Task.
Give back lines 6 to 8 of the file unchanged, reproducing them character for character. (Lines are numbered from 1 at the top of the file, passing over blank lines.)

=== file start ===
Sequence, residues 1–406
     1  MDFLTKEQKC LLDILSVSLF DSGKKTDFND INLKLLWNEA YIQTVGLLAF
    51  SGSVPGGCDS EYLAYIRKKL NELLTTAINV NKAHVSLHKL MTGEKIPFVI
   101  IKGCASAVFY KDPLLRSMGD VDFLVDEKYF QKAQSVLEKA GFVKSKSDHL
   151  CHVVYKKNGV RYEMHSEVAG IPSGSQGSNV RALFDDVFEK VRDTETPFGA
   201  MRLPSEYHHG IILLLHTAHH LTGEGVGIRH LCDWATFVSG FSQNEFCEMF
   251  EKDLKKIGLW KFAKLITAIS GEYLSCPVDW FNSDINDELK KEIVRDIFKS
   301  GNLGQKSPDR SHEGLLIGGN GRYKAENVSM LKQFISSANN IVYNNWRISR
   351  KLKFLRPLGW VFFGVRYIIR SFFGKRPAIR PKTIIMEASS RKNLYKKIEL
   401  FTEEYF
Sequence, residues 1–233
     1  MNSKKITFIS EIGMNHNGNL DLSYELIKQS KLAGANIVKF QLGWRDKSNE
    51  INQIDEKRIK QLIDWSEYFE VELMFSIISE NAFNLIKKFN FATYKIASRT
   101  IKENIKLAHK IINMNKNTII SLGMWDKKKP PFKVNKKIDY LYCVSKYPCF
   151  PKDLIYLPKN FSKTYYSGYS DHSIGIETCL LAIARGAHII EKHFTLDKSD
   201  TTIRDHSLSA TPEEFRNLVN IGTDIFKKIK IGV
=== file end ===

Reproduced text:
   201  MRLPSEYHHG IILLLHTAHH LTGEGVGIRH LCDWATFVSG FSQNEFCEMF
   251  EKDLKKIGLW KFAKLITAIS GEYLSCPVDW FNSDINDELK KEIVRDIFKS
   301  GNLGQKSPDR SHEGLLIGGN GRYKAENVSM LKQFISSANN IVYNNWRISR